Visiting the Baptist Biblical Institute
Visiting a church in a remote village
Speaking at a conference with Pastors
We came for the American dream – gained theological education and biblical training –
became equipped pastorally, and now appointed by ABC International Ministries to
go back and serve not as indigenous, but as American Missionaries.
“Lord, (we) know that people’s lives are not their own; it is not for them to direct their steps.” Jer. 10:23
Homecoming Queen and King… but to connect, love, serve, share, and train.
As you recall, we have made a mission U-Turn from a placement in France working with Pastors, Churches and refugees to a possible placement in Togo, our home. We never imagined this could be possible! It’s with excitement that we started our U-Turn vision trip visiting the Baptist Convention in Togo, West-Africa, an important step in the final discernment and decision-making process.
When we arrived in Lomé, the capital city of Togo, on January 20, 2016, everything looked perfect and normal: a strong Christian presence, busy streets with vehicles honking everywhere, uniformed students hurrying to get to school, and the harmattan (the dry, windy, dusty season of the year) blowing dust all over the city. With all the gospel of prosperity preaching coming from local FM radios, it seems as if no Christian missionary is needed at this moment. But wait until you step in a little deeper…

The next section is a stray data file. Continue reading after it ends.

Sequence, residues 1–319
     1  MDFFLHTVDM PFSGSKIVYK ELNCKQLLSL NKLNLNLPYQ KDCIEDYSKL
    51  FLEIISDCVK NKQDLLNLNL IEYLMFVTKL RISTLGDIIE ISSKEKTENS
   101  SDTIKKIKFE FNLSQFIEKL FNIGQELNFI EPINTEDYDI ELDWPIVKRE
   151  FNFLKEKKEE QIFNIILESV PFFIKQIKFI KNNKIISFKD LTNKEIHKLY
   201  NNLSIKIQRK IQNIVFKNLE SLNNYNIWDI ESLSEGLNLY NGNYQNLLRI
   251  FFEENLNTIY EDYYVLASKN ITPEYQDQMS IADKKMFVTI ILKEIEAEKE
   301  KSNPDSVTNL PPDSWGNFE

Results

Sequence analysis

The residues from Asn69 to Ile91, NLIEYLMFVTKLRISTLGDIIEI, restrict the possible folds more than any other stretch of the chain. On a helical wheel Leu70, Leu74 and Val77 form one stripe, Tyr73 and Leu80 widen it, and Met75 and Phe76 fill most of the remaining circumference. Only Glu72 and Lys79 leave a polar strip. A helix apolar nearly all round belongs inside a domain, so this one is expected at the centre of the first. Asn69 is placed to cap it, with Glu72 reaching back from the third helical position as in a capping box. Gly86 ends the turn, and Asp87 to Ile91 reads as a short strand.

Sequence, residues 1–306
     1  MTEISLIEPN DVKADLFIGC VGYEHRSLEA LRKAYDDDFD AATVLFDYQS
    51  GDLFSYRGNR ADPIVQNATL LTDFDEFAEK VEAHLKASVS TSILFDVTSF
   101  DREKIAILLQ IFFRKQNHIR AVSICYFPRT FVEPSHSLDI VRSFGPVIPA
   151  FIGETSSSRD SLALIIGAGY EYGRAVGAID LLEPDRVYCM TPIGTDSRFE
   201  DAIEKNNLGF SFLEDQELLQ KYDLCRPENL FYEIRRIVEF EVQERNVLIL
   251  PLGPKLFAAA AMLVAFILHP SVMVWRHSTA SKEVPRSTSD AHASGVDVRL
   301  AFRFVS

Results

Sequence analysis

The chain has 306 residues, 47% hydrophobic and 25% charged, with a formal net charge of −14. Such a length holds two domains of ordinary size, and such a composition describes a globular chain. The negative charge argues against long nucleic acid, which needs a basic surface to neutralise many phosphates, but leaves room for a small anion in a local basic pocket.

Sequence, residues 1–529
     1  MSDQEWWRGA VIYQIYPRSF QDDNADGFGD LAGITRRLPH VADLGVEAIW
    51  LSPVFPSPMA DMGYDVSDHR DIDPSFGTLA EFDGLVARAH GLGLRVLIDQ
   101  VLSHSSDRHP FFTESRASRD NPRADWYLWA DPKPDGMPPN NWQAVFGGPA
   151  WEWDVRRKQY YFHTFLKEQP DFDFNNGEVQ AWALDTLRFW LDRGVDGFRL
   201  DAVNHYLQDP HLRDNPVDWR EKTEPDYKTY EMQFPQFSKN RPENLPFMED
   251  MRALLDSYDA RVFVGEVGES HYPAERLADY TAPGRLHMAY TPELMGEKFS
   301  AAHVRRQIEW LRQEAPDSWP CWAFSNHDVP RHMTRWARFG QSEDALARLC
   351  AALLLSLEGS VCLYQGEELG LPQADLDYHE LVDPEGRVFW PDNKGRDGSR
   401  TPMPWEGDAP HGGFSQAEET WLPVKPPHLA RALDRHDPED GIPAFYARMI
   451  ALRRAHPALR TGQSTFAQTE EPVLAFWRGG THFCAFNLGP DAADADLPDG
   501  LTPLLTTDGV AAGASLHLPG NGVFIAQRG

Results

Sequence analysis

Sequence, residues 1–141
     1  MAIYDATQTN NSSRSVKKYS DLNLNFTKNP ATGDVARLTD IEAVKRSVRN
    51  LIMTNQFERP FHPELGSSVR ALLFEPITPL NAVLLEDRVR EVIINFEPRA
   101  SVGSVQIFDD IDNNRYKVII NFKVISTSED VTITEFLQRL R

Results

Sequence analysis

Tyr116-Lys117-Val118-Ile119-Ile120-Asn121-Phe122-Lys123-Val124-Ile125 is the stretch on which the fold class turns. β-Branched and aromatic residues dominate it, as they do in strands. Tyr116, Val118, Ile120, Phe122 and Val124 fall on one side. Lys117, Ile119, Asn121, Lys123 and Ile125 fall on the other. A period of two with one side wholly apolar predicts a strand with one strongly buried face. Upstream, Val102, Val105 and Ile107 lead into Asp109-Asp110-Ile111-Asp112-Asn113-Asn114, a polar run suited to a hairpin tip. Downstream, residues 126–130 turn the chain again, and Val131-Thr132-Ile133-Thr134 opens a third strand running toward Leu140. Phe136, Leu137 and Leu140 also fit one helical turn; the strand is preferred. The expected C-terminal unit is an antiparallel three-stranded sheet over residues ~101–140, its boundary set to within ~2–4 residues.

Togo Republic is a small coastal French-speaking country of 21,853 mile2, with about 7 million inhabitants divided into 37 tribes speaking over 4 dozen languages. A former German and later French colony, Togo has survived political instability under a 55 year old regime. Transition to multiparty democratic rule has been stalled since 1990. Below are some interesting numbers:
- Indigenous belief represents 50% of the population; Christians are 30%, and Muslims 20%.
- In 2015, Togo was ranked the 10th poorest country in the world according to Global Finance Magazine.
- The child labor rate is at 47%.
- The sex trade has proliferated, increasing by 180% in recent years.
- Globally, Togo was ranked as the 26th most HIV/AIDS-infected country, with 4,500 HIV/AIDS related deaths per year.
- Only 40% of the population has access to drinking water; the life expectancy estimate is 50 years.
On the first day of our vision trip, we had a meeting with the President of Togo Baptist Convention (TBC) who debriefed us on the convention history, ministries, needs, expectations, joys, concerns, and hopes.
On 01/22/16, we drove about 200 miles northeast of the capital to the Togo Baptist Biblical Institute. The institute is not a “theological institute” said the director. It was launched in 1998 in response to the pastoral need in many churches, and as a response to uneducated or under-educated persons who have received the pastoral call. There, trainees are taught how to be a pastor over three years, while their wives are taught how to start income generating activities to come to their family financial rescue. Pastoral ministry is truly a labor of love in Togo. And our call is to passionately connect, equip, and empower.